“Oh, it is great. There is nothing like it throughout the country”, he says, matter-of-factly. “In Lagos last year, we had to build our own temporary space from scratch, you know, just to exhibit. So, yeah. I really appreciate the existence of a place like this.”
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The 22-year-old’s foray into art and his ascension to the status of one of Nigeria’s most successful digital artists is familiar in some ways, and yet very unique in many other ways. Having been kicked out of Covenant University, one of Nigeria’s foremost private universities, for writing a scathing article about the school, he was subsequently kicked out of the house by his parents who didn’t approve of his focus on art over completing a Chemical Engineering degree.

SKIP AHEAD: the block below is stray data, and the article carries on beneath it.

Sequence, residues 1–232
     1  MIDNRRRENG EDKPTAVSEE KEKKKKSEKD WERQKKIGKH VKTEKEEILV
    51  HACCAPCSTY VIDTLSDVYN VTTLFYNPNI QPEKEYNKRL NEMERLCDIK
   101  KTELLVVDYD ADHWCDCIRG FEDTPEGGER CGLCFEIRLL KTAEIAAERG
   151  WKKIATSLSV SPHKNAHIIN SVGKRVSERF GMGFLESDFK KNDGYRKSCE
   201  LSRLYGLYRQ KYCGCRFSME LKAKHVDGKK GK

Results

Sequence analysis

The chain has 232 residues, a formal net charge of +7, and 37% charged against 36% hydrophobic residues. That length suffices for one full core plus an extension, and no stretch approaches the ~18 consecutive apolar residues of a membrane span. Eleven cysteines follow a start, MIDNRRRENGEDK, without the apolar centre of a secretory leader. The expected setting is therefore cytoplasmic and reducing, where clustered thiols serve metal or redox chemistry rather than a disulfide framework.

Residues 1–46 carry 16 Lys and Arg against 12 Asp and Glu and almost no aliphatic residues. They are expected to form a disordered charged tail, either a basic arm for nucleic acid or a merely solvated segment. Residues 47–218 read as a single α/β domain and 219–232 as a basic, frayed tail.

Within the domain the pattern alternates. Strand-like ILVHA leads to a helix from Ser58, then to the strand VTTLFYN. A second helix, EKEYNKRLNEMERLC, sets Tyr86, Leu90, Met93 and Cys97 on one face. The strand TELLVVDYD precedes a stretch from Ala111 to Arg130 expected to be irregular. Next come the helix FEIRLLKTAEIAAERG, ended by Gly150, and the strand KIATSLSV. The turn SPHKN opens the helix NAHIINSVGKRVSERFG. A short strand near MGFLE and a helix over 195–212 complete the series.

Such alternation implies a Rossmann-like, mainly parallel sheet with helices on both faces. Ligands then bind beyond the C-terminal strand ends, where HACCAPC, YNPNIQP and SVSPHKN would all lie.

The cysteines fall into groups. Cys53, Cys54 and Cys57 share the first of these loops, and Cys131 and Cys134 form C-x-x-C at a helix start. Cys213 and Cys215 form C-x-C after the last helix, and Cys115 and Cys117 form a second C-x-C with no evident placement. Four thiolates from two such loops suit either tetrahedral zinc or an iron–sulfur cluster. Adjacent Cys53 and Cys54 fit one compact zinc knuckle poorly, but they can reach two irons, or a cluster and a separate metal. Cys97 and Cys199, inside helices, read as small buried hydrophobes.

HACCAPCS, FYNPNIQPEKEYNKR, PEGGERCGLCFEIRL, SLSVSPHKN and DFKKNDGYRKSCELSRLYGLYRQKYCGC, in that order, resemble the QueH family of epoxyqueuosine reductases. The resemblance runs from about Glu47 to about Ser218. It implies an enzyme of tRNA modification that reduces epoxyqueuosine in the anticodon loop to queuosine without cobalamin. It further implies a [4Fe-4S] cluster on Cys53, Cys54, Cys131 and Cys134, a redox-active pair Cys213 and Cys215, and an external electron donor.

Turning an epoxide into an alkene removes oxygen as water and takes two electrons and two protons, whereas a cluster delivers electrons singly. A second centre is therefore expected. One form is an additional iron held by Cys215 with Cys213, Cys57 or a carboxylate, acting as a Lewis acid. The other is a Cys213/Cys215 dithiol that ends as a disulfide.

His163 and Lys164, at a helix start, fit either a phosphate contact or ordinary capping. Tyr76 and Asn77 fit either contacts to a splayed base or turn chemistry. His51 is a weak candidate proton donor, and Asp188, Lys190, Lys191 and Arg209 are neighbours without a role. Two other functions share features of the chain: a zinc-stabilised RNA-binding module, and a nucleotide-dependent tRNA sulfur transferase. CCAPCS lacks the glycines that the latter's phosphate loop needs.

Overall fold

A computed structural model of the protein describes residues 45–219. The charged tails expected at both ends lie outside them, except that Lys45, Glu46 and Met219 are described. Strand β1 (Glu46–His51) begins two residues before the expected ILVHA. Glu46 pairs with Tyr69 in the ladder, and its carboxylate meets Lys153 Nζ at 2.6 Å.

“They weren’t so much upset about my engagement with art and artistic things, as they were about it not being what they had imagined for me,” he tells me as we settled down on a table in Lagos Bistro, a restaurant situated within the same premises as the exhibition. “And also, how much time I was spending on it as opposed to my Chemical Engineering work.”
It didn’t matter that he was already being recognised for his work all over the world, his parents were still unconvinced that he was making the best life decision. “To their credit though, things happened for me really quickly and it was a whole shift for all of us,” he offers an empathetic explanation. “I was blinking and things were happening for me, so imagine it as a parent of this child. One day your child is studying Chemical engineering and the next day he is telling you about this writing thing and the day after he is doing these crazy, crazy stuff. It can be a lot to take in and I understand how that must have felt for them.”